Why? To keep users from making use of an improved search tool that gives useful, relevant Web pages an advantage over useless or irrelevant Web pages for a given search string?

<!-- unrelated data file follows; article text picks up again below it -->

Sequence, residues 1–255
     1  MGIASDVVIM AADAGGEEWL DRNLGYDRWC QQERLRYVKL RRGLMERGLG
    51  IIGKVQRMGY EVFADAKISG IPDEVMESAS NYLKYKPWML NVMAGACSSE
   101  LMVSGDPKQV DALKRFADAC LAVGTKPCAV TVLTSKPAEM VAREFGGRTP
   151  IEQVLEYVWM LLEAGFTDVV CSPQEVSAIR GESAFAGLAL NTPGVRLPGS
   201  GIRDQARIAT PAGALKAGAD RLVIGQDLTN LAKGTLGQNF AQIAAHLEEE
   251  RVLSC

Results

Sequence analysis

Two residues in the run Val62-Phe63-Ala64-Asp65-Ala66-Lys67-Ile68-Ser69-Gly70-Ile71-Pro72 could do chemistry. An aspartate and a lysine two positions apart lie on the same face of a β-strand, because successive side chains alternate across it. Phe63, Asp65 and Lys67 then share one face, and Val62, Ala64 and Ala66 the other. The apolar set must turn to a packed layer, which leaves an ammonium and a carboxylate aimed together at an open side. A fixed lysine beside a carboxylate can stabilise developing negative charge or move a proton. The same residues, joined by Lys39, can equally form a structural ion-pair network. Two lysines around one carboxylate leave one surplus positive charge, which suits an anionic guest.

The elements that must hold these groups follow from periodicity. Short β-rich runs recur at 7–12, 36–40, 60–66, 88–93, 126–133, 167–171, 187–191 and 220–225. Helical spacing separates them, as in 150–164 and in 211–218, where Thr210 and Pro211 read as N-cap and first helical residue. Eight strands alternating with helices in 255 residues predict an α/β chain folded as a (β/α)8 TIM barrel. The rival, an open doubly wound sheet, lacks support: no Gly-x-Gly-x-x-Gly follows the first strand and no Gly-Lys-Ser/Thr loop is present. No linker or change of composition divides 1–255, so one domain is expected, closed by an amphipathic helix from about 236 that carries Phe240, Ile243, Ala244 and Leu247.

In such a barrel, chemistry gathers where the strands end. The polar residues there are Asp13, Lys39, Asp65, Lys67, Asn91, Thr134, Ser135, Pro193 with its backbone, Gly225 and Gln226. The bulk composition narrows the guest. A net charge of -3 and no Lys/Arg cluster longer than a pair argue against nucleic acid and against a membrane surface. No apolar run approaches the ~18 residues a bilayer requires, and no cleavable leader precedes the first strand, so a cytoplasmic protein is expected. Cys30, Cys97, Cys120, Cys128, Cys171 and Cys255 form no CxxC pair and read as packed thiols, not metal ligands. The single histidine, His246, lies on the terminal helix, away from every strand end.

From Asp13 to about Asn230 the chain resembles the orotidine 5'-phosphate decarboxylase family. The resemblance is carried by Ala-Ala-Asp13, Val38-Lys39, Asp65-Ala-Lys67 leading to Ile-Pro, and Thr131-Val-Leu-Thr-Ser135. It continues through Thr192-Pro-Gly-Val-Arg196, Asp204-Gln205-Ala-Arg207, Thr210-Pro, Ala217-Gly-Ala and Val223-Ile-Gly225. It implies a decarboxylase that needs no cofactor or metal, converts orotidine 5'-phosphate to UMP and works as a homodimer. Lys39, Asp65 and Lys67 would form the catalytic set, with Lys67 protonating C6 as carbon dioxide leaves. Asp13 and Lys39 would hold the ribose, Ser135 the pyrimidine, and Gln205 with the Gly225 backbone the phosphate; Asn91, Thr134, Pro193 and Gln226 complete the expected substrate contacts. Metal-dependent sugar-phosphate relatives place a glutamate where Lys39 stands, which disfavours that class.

As a user, I think this is a great idea. Right now, if Joe User searches Google for something like "pc won't recognize usb widget," he'll get a hodgepodge of results that range from articles on the topic to casual mentions of "pc," usb," and "widget" in a 100-message forum thread. There's no way for Joe to identify the helpful search results without visiting each of the listed pages, and the author of the helpful article on "What to Do When Your PC Won't Recognize Your USB Widget" is competing with a long list of less relevant or useful results. The scenario that Brett describes (mouse over the search results to see what's on the underlying pages) is a win-win-win situation for Google, for the site owners with the most relevant or useful results, and--above all--for Joe the previously frustrated user.